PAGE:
CHICAGO, Illinois — Every year across the world, around 700 million people are infected with a mosquito-borne disease. Central America is no stranger to this issue. With thousands of cases being diagnosed every year, mosquito-borne diseases in Central America represent a current and growing threat to the region’s public health.
Common Mosquito-Borne Diseases in Central America
Dengue Virus: Though present in the Americas for hundreds of years, incidence has grown rapidly in Central America, with a large outbreak in 2019. Symptoms generally last no more than a week and include a fever, rash and aches but one out of 20 people will develop severe symptoms. While fatality from dengue is relatively low, thousands of deaths still occur every year.
Zika Virus: A Zika outbreak that began in Brazil in 2015 spread through Latin America and significantly impacted Central America, with thousands of estimated cases every week in 2016. While symptoms such as a fever, rash and headaches are mild for most, Zika’s danger comes in its ability to be passed between a pregnant mother and her baby. This may lead to brain defects such as microcephaly in the child. Though there has been a large drop in cases in recent years, epidemiologists warn that transmission is continuing and could flare up in the future.
Chikungunya Virus: Though historically associated with Africa and Asia, chikungunya has recently spread to much of Latin America. The disease had a strong impact on Central America with Honduras alone reporting 85,386 cases in 2015. The disease typically causes fever and joint pain. Though deaths from chikungunya are rare, it can be disabling and potentially fatal for the elderly and those with comorbidities.
Why are These Diseases Present?
While mosquitoes are a global pest, a country’s environmental conditions determine what kind of mosquito will thrive, and what diseases they will bring. The common culprit for all three of these illnesses is the Aedes aegypti mosquito. This species flourishes in tropical and subtropical climates, much like those of Central America.
Urban poverty can exacerbate the presence of the Aedes aegypti. In cities, poor waste management and sanitation practices create habitats that are friendly to mosquitos.
Though varied, poverty is high in every country in Central America. The region is also urbanizing quickly, second only to Africa, according to the World Bank. Both of these trends provide an increased risk of the proliferation of mosquito-borne diseases in Central America.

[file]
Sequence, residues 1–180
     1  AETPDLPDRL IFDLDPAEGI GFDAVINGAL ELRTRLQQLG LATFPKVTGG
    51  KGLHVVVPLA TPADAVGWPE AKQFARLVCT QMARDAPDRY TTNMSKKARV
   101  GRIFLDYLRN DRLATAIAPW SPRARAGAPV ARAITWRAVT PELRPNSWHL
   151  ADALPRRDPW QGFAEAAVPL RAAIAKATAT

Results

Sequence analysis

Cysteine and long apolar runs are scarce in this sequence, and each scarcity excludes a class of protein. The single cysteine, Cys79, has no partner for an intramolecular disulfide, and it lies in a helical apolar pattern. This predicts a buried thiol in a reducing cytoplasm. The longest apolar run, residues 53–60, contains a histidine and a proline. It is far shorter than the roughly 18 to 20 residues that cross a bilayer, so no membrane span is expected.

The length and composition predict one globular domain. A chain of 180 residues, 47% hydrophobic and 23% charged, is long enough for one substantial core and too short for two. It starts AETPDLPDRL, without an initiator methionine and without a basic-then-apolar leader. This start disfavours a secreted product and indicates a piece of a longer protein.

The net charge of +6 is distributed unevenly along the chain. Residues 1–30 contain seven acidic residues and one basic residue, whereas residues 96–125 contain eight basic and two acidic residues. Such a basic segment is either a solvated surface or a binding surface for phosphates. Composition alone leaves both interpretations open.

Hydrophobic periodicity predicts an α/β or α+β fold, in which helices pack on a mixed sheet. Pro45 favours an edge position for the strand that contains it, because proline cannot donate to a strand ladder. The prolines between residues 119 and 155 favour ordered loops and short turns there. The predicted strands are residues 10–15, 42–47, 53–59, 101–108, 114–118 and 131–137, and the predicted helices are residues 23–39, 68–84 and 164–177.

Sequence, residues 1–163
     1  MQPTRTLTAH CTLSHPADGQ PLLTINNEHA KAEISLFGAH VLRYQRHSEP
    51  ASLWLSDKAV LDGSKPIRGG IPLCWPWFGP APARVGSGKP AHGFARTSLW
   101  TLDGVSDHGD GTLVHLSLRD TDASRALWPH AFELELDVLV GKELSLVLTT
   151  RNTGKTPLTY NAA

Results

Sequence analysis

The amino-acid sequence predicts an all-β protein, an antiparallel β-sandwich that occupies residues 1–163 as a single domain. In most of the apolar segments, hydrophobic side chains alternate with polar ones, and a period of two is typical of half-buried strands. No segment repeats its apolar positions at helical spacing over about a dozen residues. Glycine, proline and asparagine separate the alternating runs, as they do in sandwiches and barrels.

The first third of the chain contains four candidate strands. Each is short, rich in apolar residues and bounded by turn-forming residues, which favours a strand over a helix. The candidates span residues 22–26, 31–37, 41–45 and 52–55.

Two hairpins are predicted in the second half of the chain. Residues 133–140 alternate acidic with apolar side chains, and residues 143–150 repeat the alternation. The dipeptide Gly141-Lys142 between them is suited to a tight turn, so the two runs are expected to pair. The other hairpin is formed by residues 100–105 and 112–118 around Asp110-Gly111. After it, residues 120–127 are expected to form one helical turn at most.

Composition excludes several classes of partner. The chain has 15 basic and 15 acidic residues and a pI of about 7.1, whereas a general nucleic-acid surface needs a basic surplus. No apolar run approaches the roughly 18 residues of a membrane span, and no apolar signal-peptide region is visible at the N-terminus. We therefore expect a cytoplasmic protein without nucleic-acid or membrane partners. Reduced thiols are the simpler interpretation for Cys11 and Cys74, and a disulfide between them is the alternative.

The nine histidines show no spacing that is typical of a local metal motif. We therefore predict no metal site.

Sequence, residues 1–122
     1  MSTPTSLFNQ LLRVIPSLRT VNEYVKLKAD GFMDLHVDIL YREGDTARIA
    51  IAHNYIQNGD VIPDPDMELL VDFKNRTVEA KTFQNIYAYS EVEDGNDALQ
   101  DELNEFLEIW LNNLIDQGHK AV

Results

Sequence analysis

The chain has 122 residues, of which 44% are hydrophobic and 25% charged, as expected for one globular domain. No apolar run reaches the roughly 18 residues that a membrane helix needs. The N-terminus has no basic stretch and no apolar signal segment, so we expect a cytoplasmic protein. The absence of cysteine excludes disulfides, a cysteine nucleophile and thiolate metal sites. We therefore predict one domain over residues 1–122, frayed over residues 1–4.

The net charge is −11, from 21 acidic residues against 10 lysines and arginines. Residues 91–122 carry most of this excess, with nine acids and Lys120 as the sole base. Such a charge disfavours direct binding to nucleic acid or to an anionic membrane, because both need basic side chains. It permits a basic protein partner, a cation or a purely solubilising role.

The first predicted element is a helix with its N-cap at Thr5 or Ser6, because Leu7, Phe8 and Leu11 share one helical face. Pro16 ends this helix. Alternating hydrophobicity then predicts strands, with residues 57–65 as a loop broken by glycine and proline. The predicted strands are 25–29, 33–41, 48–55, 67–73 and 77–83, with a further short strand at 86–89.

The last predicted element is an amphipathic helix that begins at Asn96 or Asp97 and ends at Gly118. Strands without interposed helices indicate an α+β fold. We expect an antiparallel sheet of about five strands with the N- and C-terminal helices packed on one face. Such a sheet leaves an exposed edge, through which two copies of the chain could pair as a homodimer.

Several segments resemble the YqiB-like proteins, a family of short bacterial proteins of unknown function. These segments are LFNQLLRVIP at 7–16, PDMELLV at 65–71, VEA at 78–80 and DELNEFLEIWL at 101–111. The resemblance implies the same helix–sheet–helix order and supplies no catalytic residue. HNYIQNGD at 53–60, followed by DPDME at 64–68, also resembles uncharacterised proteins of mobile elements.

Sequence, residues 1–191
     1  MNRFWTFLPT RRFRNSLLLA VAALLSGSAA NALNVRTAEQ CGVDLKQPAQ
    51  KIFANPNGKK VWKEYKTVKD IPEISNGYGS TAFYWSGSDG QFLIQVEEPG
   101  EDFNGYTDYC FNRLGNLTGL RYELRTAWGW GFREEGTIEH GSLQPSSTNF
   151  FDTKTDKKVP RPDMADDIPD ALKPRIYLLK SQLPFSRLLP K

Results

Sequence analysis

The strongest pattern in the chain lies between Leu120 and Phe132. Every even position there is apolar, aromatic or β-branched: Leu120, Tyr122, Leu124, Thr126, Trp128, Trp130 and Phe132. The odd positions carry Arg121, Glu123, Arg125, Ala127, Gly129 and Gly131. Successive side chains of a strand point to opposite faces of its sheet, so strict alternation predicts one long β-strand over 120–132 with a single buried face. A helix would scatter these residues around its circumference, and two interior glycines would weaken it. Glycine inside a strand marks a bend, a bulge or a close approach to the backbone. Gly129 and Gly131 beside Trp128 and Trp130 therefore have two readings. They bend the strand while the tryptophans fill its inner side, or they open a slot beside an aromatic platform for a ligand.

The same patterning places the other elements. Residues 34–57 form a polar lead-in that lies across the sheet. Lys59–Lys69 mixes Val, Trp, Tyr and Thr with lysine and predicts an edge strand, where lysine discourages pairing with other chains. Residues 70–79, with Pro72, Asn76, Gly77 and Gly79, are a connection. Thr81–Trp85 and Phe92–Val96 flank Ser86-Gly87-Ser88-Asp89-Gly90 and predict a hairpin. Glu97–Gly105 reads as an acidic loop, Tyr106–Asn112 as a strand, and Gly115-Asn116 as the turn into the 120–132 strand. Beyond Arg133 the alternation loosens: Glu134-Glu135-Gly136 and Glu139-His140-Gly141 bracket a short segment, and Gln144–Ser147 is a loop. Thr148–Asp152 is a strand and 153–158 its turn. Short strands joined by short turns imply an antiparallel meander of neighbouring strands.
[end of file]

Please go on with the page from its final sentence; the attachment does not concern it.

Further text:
Cities are not the only culprit, environmental damage can also increase the risks that the Aedes aegypti play towards humans. Deforestation and new irrigation projects such as dams often create sanctuaries for these bugs, while bringing them in closer contact with human populations. These types of projects have recently increased in Central America as a consequence of changes in land use.
A Malaria Move Out in El Salvador
Though mosquito-borne diseases remain a threat to the region, there has been some recent success. In 2021, the World Health Organization (WHO) declared El Salvador to be “malaria-free”.
The disease has made a rapid decline in the country, dropping from thousands in the 1990s, to dozens in the 2010s and finally to no home-grown cases since 2017. This was accomplished through steady funding of antimalaria programs which included vector controls to reduce mosquito populations along with decentralizing their diagnostic regime to allow for quicker testing and treatment of cases.
A Contagious Solution?
One organization implementing effective solutions against mosquito-borne diseases in Central America is the World Mosquito Program (WMP). WMP breeds mosquitoes with Wolbachia, a safe, naturally occurring bacteria that competes with common viruses.
Once released into the wild, Wolbachia-carrying mosquitoes mate with the virus-carrying population, reducing the likelihood of disease transmission. WMP has found success all over the world with this program and recently expanded its work into Panama.
Along with projects directly affecting the mosquito population, common methods of protection against mosquito-borne diseases include the use of door screens and bed nets, water maintenance and pesticides. En
– Joey Harris